The Doyens of Visual Storytelling – Interview with Béla Ernyey & Miklós Schiffer
Once upon a time, two or three centuries ago, during the House of Bourbon and King Louis’ numbered I to XVI, French culture was considered the highest standard, an example to be followed. Be it the etiquette, the court, the fashion or the diplomacy. We can thank the latter for the expression ‘doyen’ which was given to the eldest ranking members amongst diplomats. Their opinions were considered highly important and they led the debates and discussions of the age. Why this lengthy explanation? Because actor Béla Ernyey and style consultant Miklós Schiffer are our modern-day doyens.
Without a question they are a unique pair, and although there are more than 20 years between them, their common values led to a true friendship. For a long time, Béla Ernyey and Miklós Schiffer have represented a kind of philosophy and world. Their philosophy is considered classic and eternal, yet it is still far from the mainstream trends of the 21th century. They are old-school crusaders of traditional image and style. Men who fight everything that doesn’t measure up to the bare minimum in terms of style, with sarcastic humour and strong opinions. They are careful with criticism, they instead aim to educate through good practice. Through continuous telling of their own story, they demonstrate that style is:
- 1. Not rocket science.
- 2. Can be learnt.
- 3. If it can be learnt, then as many people as possible should acquire the basics.
This is fashion– the Kádár-era edition
They were both raised at a time (in Kádár-era Hungary) when their approach to style was considered highly controversial. On the one hand, more people wore suits and ties (leaders and members of the Party), and on the other hand, on this side of the iron curtain it was almost impossible to purchase high-quality pieces in line with European trends.
Béla Ernyey says: “It wasn’t so difficult because the Red October Clothing Factory kept making better and better pieces. Jokes aside, I was lucky because my mother got married in Vienna and I often received amazing clothes from her, which were then admired by many here. By ‘amazing’ I don’t mean the top creations of the world-famous fashion labels known today, but more basic pieces that a young man in his 20s like me desired in the socialist-era. There was this one piece of clothing which I saw as a real cult object. I couldn’t get it, not even with help from Vienna. At the time there was this classic, straight cut, incredibly expensive camel-fur coat with a hood and soutache embroidery on the front. It was a classic duffel coat. This coat was everything I dreamed of, I would say to myself that if I couldn’t manage to get my hands on one, then my life was not worth living. Once I found a similar coat in Pest, and I bought pieces of leather soutache in a shop selling leather goods. Then I took everything to a tailor and had him sew the soutache on the coat. As a result I looked rather stupid in this neither fish-nor-flesh thing.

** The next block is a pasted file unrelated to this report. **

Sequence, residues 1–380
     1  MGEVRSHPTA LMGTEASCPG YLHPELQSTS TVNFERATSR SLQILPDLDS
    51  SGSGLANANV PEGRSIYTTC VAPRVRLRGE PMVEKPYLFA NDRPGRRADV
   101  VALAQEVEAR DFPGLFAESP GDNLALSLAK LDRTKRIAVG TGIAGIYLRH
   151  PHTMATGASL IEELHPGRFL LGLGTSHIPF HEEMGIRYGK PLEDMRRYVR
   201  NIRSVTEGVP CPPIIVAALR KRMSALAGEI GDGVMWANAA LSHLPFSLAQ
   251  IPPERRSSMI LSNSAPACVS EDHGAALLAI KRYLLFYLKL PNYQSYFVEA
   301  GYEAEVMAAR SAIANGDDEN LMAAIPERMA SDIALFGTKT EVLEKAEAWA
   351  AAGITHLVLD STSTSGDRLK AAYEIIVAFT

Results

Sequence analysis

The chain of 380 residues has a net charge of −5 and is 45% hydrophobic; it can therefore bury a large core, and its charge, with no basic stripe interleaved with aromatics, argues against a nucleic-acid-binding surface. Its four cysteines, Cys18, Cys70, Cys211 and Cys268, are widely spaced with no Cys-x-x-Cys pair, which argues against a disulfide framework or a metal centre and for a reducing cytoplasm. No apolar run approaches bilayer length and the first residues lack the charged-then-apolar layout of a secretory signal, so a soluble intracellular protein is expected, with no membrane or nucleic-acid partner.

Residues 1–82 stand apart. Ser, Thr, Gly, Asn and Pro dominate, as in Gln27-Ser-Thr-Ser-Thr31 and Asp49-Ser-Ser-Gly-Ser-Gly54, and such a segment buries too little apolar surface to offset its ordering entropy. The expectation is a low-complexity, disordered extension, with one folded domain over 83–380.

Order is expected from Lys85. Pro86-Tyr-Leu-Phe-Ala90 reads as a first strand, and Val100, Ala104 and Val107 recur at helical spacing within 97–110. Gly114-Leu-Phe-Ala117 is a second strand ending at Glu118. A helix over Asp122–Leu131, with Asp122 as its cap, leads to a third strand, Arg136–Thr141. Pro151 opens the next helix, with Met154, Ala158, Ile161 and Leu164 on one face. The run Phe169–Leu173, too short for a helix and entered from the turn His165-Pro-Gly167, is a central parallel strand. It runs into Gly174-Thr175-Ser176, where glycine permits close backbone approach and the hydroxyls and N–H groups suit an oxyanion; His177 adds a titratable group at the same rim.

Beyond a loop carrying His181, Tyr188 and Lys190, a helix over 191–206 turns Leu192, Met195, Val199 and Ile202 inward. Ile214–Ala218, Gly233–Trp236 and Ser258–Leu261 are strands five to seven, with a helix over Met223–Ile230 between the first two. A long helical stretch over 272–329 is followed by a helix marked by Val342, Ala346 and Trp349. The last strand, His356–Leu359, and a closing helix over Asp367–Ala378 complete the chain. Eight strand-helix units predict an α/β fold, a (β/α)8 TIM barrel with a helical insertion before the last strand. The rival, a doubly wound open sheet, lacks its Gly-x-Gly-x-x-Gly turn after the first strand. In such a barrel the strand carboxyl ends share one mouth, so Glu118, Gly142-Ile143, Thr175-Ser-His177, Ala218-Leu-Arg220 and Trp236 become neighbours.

This was the essence of the whole system we were part of; everything looked the same, but there was nothing more than what met the eye. So much for fashion at the time.”
“When I was young in the 80s, we still had what Béla was talking about.” continues Miklós Schiffer. “We had the Lacoste crocodile sewed onto white T-shirts. We got the crocodile embroidered and then stuck it on the T-shirt. What could it have been like in the 60s? There is a legend that once, in the 60s, Italian leather shoes were delivered to the luxury store at the time, which was not far from where Fashion Street is today. When people heard about it, fashionable rich men, gynaecologists, lawyers and store owners rushed out to buy them. A few days later the soles of the shoes had holes in them and it turned out that a crafty Italian trader had passed funeral shoes off as Italian. Of course, they were ruined after only a few days.”
Béla Ernyey laughs:
“The trader later claimed that he didn’t understand what had happened, because no one had ever complained before!”
The last refuge: Italy
Hair dye, ageing, plastic surgery, eating disorders, child beauty pageants, Trump – Schiffer and Ernyey have an opinion about everything, they are a treasure trove for journalists. They tell stories and tease each other, or they tease the staff of the magazine. They ask questions, debate, quarrel, laugh and they draw everyone in with their energy. If I had my own TV channel, I would create a reality show with these two people. There would be no need for scripted content, with just two microphones we could start filming. The pair could teach you about style, proper behaviour, while not forgetting to keep you thoroughly entertained.